1) All Bubbly, whether it is from the Champagne region of France, the Prosecco region of Italy, Cava from Catalonia in Spain or just plain old Bubbly from anywhere, is Sparkling wine. Sparkling wine is called different things in different countries, Spumante in Italy, Cremant in France or Sekt in Germany, but no matter what it’s called it is still Sparkling wine.
2) There 2 main production process’ to add the bubbles, the Traditional Method (in the bottle) and the Charmat Method (in pressurized vats). Since Sparkling wine is fermented twice the grapes are picked before they are fully ripe and after they are fermented the first time, they make a wine that is so sour that you wouldn’t drink it on a dare.
3) In the Traditional Method, the wine from the first fermentation is bottled and before a temporary cap is fixed they add in a measured amount of yeast and sugar. The wine is kept like this for several months to several years, depending on the wine region. Then the dead yeast is removed and some wine is added to top off the bottle and bring the Bubbly up to the desired sweetness level. Sparkling wine from Champagne, Cava from Spain, Franciacorta from Italy, most of the Sparkling wines from Northern California and Gruet Sparkling wines from New Mexico use this method.
4) With the Charmat Method, the wine that has been fermented once is transferred to large pressurized stainless steel vats where sugar and yeast is then added. The 2nd fermentation process is faster, where the 2nd fermentation takes months to years in the Traditional Method, it takes days to a couple of months with the Charmat Method. Prosecco, Asti Spumante, Barefoot Bubbly and Andre’s use this process. The inexpensive Sparkling wines do the short 2nd fermentation and the more expensive Bubbly’s do the longer fermentation. The smaller the bubbles the longer the process.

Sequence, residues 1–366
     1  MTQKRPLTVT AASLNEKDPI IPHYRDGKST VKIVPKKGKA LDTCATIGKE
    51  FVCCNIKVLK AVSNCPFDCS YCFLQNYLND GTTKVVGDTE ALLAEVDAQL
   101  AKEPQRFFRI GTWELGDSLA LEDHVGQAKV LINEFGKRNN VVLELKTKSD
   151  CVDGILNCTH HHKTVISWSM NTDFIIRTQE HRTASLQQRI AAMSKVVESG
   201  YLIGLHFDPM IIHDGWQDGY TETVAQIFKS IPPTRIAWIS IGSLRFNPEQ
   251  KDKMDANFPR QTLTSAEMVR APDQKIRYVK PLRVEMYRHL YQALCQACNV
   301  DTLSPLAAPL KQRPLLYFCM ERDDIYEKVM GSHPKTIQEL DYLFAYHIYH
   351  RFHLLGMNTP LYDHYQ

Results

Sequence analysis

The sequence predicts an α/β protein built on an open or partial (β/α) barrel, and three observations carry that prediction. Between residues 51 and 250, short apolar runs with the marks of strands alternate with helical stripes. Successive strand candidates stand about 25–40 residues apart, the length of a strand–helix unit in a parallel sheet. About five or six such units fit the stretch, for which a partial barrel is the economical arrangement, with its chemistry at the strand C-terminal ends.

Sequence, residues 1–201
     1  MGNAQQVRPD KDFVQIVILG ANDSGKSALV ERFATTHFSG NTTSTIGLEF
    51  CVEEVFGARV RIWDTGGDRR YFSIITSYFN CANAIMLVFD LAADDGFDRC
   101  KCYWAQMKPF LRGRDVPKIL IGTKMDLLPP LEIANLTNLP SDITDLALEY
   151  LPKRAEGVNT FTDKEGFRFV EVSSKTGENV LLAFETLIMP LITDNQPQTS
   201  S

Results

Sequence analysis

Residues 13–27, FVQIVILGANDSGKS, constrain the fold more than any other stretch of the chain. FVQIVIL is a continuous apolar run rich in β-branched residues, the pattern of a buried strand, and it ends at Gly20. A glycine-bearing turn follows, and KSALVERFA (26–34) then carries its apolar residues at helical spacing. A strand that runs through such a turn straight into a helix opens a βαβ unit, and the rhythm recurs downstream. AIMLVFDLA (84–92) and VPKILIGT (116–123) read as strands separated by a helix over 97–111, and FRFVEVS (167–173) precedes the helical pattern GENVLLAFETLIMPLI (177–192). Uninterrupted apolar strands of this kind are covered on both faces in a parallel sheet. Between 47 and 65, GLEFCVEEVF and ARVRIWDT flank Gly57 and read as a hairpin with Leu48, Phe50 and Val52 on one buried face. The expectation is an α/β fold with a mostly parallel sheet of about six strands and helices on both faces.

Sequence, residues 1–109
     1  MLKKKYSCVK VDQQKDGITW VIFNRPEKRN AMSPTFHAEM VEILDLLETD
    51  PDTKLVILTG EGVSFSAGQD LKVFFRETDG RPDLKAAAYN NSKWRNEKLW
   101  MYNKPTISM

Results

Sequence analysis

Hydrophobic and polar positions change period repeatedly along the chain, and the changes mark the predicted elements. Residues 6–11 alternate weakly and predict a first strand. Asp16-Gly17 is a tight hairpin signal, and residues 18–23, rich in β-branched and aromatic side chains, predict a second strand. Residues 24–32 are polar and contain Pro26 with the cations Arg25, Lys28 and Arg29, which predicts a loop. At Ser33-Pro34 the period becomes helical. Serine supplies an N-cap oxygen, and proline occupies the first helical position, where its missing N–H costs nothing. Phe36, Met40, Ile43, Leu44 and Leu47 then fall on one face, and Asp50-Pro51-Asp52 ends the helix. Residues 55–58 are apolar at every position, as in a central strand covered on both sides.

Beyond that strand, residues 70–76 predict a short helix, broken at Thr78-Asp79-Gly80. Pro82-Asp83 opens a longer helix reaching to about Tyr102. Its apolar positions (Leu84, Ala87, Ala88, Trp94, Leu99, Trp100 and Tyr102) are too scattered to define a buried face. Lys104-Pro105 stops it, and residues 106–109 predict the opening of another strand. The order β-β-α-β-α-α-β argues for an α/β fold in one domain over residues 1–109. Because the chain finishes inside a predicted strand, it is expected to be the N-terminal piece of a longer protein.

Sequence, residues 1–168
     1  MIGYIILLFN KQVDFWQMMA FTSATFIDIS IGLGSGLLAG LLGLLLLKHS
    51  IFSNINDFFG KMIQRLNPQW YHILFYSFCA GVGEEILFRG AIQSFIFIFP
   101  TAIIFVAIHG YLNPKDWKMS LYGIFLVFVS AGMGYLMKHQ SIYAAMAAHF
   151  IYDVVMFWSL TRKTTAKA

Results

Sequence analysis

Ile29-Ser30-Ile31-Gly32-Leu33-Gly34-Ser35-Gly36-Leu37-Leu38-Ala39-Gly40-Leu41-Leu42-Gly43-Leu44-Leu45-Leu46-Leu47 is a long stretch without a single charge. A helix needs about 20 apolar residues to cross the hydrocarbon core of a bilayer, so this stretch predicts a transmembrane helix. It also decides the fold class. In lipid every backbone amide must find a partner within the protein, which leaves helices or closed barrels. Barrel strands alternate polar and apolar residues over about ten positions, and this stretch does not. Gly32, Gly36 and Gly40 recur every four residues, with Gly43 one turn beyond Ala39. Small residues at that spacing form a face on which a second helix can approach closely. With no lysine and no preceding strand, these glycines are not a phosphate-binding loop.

5) All wine growing countries use both methods to produce Sparkling wine, France is known for Champagne from the Traditional Method, but there are plenty of French Charmat Method Sparkling wines around. The Sparkling wines from Champagne France have an excellent Public Relations department and Champagne is viewed in the market place as Mercedes-Benz, BMW and Rolls Royce all rolled up into one. If someone is going to spend big bucks on Sparkling wine, they are going to buy Champagne. That leaves every other Sparkling wine in competition for the middle and the value segments. Now Champagne is good, real good, but they are by no means the only good Sparkling wine on the store shelves. There are a slew of delicious Sparkling wines available that are total bargains when compared to Champagne. Prosecco outsells Champagne in terms of gallons, but since Prosecco costs for a fraction of the price of a bottle of Champagne, Champagne leads in terms of dollars. Try to ignore the marketing and let your taste buds decide which Bubbly is your favorite.